After this phase, the Cold War was characterized by internal reform and development within the two superpower states in order to combat one another. The primary focus of each was to enlarge their military and space capabilities, with the Soviet achieving the first satellite launch into space in 1957. Perhaps in direct response to this and following the second recommendation of Kennan, the US enacted the National Defense Education Act of 1958 with the aim of improving the education and skills of American youth so that the US would be able to keep up with Soviet scientific and technological development. During this period, extreme distrust led to increased intelligence and espionage operations and in the US McCarthyism further added to the tension as US citizens accused one another of being Communist. Kennan had also suggested in his first point that the Soviet should be “studied” and in his fourth point made the case that people are less interested in “abstract freedom than in security”. While the two powers never fought directly during this phase, both parties certainly had the same thinking as Kennan, intervening in various situations around the world. Throughout this phase the Soviet became involved with Cuba, East Germany, Hungary, and Czechoslovakia. The US was involved militarily in Lebanon, the Dominican Republic, and most famously Vietnam and Cambodia. Although there were moments of cooperation such as the Nuclear Test-Ban Treaty of 1963 and the Anti-Ballistic Missile Treaty of 1972, this middle period involved the superpowers subverting or supporting regimes in order to increase their influence internationally and combat one another ideologically.

After the Vietnam War the US scaled down its military interventions and US food, fashion, and culture spread around the world, increasing American popularity internationally while the Soviet was dealing with internal and external conflict. This final phase beginning in the late 1970s saw the waning power of the Soviet, although the origins of their diminishing influence were also evident in the middle phase. The iron grip of Stalin was slowly loosened by Khrushchev who emptied out the labor camps and introduced perestroika (restructuring) and glasnost (openness) and some satellite Soviet countries challenged Soviet rule such as Czechoslovakia in 1968. However, the real mark of this phase and the turn of events for the Soviet was their invasion of Afghanistan in 1979 which resulted in the deaths of 15,000 Soviet soldiers, diminishing domestic popularity, and an overstretched military and economy. At the same time US President Reagan had initiated an arms build up and by the time the Soviet withdrew from Afghanistan in 1989, the Soviet economy was devastated, its people were weary and agitated, and the US was in a stronger position than ever before. The final part of this phase from 1989 to 1991 involved the breakup of the Soviet Union as Communist regimes were toppled throughout Eastern Europe, the Berlin Wall fell, borders opened, and finally the Soviet Union disintegrated and separated.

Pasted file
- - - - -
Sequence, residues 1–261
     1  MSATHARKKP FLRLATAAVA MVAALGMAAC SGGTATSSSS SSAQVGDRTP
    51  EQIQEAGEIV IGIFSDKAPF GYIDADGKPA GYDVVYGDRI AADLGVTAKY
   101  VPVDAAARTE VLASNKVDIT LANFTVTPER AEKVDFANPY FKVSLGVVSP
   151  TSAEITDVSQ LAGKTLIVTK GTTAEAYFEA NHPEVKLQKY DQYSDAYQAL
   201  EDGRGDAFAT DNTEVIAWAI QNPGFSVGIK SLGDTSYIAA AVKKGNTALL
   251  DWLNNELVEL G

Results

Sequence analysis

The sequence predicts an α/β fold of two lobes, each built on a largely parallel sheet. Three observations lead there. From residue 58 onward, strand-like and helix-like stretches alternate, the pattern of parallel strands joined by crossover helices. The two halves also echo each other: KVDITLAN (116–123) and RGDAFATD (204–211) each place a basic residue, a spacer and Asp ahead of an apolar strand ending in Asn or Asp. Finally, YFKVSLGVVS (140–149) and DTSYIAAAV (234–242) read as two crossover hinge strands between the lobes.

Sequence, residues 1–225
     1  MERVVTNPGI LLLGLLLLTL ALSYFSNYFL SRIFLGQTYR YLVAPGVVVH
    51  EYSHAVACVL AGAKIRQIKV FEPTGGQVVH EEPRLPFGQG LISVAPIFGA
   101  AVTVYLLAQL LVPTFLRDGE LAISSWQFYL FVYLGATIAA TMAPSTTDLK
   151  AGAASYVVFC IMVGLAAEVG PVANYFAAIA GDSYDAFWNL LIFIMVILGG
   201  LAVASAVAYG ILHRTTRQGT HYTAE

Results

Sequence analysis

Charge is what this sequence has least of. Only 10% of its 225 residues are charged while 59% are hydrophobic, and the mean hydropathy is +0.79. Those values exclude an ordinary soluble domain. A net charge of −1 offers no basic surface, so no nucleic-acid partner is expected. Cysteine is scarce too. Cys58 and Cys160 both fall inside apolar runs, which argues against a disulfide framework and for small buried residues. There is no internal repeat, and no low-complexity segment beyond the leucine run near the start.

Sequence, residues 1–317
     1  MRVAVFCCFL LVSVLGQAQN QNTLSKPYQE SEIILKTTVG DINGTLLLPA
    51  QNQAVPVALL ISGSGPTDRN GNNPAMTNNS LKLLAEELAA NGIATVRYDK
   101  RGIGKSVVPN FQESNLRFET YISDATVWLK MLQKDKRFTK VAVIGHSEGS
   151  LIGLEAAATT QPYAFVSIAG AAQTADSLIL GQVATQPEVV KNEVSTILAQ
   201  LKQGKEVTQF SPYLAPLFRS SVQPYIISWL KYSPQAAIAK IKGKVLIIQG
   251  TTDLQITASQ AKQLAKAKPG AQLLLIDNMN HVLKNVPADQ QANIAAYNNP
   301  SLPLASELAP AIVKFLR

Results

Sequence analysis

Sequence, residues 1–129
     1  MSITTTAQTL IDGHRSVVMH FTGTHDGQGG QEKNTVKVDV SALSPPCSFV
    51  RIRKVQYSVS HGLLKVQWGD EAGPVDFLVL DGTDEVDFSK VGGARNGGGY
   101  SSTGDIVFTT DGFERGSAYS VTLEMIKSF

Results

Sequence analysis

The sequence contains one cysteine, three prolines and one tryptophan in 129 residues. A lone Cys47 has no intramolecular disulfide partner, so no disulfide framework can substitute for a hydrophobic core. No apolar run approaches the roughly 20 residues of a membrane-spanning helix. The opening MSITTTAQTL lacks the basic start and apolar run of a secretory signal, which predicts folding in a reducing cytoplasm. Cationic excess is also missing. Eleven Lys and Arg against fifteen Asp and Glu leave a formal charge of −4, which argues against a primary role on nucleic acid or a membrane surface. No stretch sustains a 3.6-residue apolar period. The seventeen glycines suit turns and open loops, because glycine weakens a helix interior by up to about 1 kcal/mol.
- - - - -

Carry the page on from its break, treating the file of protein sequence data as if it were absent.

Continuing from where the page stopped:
While we now refer to this period as a ‘cold’ war and it is true that there were no direct military confrontations between the Soviet Union and the United States there was certainly much tension and military intervention throughout the three phases of the war. Kennan’s observations in 1946 were clearly revealing of the structure of the Soviet and his suggestions are reflected at numerous times throughout the war. Ideologically, the US had done what Kennan suggested and maintained their “own methods and conceptions of human society” throughout the entire Cold War and now democratic principles have taken root around the world. However, the various interventions by both the Soviet and the US resulted in the deaths of hundreds of thousands of people across the globe and in some cases have resulted in further tension in certain nations affected by Cold War ideology. In a post Cold War world it is important that superpowers like the US learn from previous experiences such as Vietnam and understand the dangers involved when attempting to establish their own form of politics, economics, and societal norms in nations unfamiliar with Western Civilization.